SSRN | Deborah Lupton and Ella Butler
There has been great interest in the potential for generative AI and large language models (LLMs), and ChatGPT in particular, to contribute to the fields of medicine and public health. This position paper provides a brief overview of the literature that has been published on the potential uses and benefits of these tools for medical and public health applications.

Household Wattch: Exploring opportunities for surveillance and consent through families’ household energy use data

ACM Transactions on Computer-Human Interaction | Stephen Snow, Awais Hameed Khan, Kaleb Day and Ben Matthews
Household energy use data may contain sensitive inferences into family life, yet its potential for surveillance is imperfectly understood. To explore this space, we developed Household Wattch, a speculative eco-feedback ‘provotype’ that profiles households according to their energy use data.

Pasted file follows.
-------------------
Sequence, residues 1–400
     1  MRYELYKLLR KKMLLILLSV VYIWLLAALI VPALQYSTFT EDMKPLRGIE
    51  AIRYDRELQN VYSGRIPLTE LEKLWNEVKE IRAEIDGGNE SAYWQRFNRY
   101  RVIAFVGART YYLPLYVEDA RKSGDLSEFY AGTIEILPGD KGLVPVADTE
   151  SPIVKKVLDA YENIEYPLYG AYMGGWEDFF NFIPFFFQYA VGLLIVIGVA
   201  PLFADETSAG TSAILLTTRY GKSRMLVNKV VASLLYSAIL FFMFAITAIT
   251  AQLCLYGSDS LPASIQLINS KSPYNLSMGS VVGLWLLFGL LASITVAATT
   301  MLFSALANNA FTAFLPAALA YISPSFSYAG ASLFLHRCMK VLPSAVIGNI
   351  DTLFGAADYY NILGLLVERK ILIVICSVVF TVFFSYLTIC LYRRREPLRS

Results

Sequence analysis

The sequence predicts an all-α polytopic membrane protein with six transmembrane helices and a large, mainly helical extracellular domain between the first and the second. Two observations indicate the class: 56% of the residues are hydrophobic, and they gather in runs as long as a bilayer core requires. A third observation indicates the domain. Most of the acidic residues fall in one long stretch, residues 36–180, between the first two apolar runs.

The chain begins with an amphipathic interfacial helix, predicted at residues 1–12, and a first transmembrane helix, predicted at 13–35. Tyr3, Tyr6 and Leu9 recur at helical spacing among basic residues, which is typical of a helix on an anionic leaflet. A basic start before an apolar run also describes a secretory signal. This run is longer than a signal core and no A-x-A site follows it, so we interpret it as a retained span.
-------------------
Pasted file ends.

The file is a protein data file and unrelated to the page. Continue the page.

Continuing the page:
Automation in electric vehicle futures

Mobilities | Sarah Pink, Hannah Korsmeyer, Kari Dahlgren and Yolande Strengers
To understand the future of EV automation therefore, we must look to how people navigate such values and how they apply everyday creativity and innovation in possible, future contingent circumstances. To develop this, the authors draw on analysis of industry materials, online ethnography, documentary filmmaking and futures workshops.

OTHER PUBLICATIONS

Decoding Canada’s Directive on Automated Decision-Making

Medium | Henry Fraser, Jacqueline McIlroy and Sara Luck
Deciding which risks from AI are acceptable and which are not, is incredibly challenging. It is the kind of exercise that engages deep policy questions about rights, safety, efficiency, public interests, innovation, social justice and a whole range of other issues. Until those conversations run their course, the Directive is a great blueprint for a starting point for AI regulation.

An influencer’s AI clone started offering fans ‘mind-blowing sexual experiences’ without her knowledge

The Conversation | Leah Henrickson and Dominique Carlon
Caryn Marjorie is a social media influencer whose content has more than a billion views per month on Snapchat. In 2023, Marjorie released a “digital version” of herself which fans could chat with to for US$1 per minute. had anticipated that CarynAI would interact with her fans in much the same way she would herself, but things did not go to plan.